S&P 500 Keeps Getting Stuck Below 2,800
(Bloomberg) -- U.S. stocks had an easy time staging a double-digit rally to start the year. Now comes the hard part: keep the momentum going.
After soaring 18 percent from Christmas to mid-February, the S&P 500 Index has been stuck treading water for the past seven sessions. The gauge did basically nothing the first three days this week, moving less than 3.5 points each day for a total journey of 7.2 points. The last time the gauge did that little over three sessions was 14 months ago.
Optimism on growth and signals the Federal Reserve is sensitive to market conditions pushed the S&P 500 to its best start to a year since 1987. But now that those factors have been priced in, the path to further gains becomes ever more difficult as the benchmark equity gauge approaches 2,800, a level the index has failed to breach four times in five months.
“The market has been jumping over the small hurdles on the way up, but we’re approaching the 2,800 line and the hurdle all of a sudden is four stories tall,” said Michael Antonelli, a managing director and market strategist at Robert W. Baird & Co. “We need some serious progress in U.S.-China trade talks for the S&P 500 to breach that line. As of right now, the markets are not convinced that we’re ready for new highs.”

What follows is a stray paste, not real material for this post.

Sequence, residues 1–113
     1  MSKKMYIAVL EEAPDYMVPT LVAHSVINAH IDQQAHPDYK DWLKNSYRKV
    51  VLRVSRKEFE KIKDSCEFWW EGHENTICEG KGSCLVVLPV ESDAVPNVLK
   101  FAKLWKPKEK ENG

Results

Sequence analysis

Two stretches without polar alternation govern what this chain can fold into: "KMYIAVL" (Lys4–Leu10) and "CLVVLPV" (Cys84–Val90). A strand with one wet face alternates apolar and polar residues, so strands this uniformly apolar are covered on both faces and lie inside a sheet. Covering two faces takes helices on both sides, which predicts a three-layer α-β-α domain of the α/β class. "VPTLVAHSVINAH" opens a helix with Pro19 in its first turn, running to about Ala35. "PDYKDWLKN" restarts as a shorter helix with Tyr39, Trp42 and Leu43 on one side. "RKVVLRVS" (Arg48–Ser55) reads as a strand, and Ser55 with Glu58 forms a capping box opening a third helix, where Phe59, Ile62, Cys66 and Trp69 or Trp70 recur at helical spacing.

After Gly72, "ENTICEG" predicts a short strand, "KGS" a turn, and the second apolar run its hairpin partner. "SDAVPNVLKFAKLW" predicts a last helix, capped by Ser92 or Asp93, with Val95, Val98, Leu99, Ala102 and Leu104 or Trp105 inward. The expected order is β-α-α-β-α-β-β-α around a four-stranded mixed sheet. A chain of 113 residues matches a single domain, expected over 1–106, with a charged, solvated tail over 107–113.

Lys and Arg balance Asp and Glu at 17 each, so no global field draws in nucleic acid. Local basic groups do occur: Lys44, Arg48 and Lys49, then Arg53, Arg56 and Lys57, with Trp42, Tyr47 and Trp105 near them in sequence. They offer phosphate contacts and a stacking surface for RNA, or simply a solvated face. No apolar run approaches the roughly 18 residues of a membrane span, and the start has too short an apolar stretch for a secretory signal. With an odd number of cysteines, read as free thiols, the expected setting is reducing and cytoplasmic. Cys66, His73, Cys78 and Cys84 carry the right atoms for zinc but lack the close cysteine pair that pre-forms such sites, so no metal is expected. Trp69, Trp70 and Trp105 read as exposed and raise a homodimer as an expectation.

Investors’ doubts were on display this week when President Donald Trump’s decision to postpone the date for boosting tariffs on Chinese imports produced a meager 0.1 percent advance. Nor was there much of a reaction Wednesday when U.S. Trade Representative Robert Lighthizer dialed back expectations for a sweeping China deal.
Thursday has seen little movement as well. The S&P 500 dropped less than 1 point as investors weighed concerns over trade and geopolitical risks with a report showing the economy cooled by less than forecast last quarter.
The 2,800 milestone that stopped the October, November and December rally attempts from breaking out isn’t only due to technical factors. If the S&P 500 breaches 2,800, its valuation based on 2019 average per-share earnings estimates will be 16.5 times the next 12 months’ earnings, demarcating a level at which some analysts say stocks become expensive.
“Even if the market closes the year higher from here, the odds are good we trade lower first,” Jonathan Krinsky, chief market strategist at Bay Crest Partners LLC, said in a note to clients. “And this is as good of a spot as any from which to do so.”
Options traders appear to agree with Krinsky’s concerns as hedging activity has increased over the past 10 days. Total open interest among call options tied to the CBOE Volatility Index has jumped 28 percent since Feb. 18, while put open interest in the SPDR S&P 500 ETF rose by 10 percent.
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